As a key plank in the Government’s covid prevention plan failed for the second day,  Deputy Prime Minister Dominic Raab insisted the issue with ordering lateral flows from the Government website is not due to a lack of the tests.

There are no more home lateral flow tests available in the UK with any supply going before 7am this morning at a time when the Government is telling millions to use one daily

People, including former Lib Dem MP Steve Webb, have expressed concerns about the lack of tests available

 

He told BBC Breakfast: ‘The problem isn’t supply and volume, the problem is the allocation and distribution, or the delivery, of it.

Website crashes in stampede for jabs  

The NHS website crashed again as record numbers rushed to book a booster in the hope of saving their Christmas.

Boris Johnson’s promise to give every adult a third jab by the end of the year triggered a surge in demand that left parts of the UK’s health infrastructure unable to cope. Queues of up to five hours built up at some vaccination centres.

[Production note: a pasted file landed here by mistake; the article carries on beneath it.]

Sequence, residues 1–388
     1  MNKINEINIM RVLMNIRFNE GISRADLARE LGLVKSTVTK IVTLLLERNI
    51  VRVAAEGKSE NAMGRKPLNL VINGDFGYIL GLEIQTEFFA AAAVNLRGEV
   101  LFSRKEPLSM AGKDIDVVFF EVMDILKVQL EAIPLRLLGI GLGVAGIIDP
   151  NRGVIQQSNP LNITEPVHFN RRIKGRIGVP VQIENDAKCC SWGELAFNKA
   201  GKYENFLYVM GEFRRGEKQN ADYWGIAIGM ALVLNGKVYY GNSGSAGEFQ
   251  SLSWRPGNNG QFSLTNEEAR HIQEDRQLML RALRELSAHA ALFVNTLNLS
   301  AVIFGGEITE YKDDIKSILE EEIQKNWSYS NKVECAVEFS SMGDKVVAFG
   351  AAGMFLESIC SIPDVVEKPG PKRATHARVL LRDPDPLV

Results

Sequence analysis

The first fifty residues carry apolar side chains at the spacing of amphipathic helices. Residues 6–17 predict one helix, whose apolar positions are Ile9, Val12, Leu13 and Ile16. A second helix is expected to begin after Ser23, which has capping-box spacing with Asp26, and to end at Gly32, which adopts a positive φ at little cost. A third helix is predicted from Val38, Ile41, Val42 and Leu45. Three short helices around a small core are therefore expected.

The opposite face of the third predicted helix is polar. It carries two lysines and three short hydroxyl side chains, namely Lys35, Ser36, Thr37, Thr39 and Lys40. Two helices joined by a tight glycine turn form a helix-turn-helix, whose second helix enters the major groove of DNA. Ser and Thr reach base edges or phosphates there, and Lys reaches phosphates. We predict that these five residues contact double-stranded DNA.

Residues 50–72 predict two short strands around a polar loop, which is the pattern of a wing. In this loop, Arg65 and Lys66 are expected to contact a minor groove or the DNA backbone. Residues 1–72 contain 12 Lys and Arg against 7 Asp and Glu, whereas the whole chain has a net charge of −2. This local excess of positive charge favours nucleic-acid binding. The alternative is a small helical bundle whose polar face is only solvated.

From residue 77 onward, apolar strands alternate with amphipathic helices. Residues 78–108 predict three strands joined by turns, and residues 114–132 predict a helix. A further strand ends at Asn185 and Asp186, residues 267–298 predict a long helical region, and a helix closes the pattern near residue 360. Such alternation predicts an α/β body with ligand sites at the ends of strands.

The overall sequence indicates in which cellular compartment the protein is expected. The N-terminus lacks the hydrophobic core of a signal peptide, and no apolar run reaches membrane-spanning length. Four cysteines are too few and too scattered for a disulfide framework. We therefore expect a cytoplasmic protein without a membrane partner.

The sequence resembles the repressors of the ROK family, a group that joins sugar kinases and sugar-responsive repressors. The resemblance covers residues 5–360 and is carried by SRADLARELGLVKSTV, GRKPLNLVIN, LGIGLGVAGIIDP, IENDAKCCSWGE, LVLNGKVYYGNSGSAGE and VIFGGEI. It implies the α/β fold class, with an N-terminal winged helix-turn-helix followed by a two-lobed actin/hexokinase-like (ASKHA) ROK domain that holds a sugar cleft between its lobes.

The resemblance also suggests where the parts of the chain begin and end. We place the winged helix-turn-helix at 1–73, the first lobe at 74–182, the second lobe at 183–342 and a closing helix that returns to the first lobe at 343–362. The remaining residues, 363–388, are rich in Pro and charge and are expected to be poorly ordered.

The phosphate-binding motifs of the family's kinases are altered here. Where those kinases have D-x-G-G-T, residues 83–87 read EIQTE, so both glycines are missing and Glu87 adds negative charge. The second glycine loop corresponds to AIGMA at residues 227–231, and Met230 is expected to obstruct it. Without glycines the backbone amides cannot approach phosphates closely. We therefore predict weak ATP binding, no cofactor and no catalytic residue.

The Government was also forced to suspend temporarily the online availability of home lateral flow kits on the eve of rolling out a new testing regime. From today, all contacts of those who have tested positive for Covid have to take a daily rapid test for a week in a bid to prevent the virus from spreading further.

The weekend saw a record number of booster bookings on the NHS website, with 749,000 slots snapped up. A further 110,000 slots had been booked by 9am yesterday.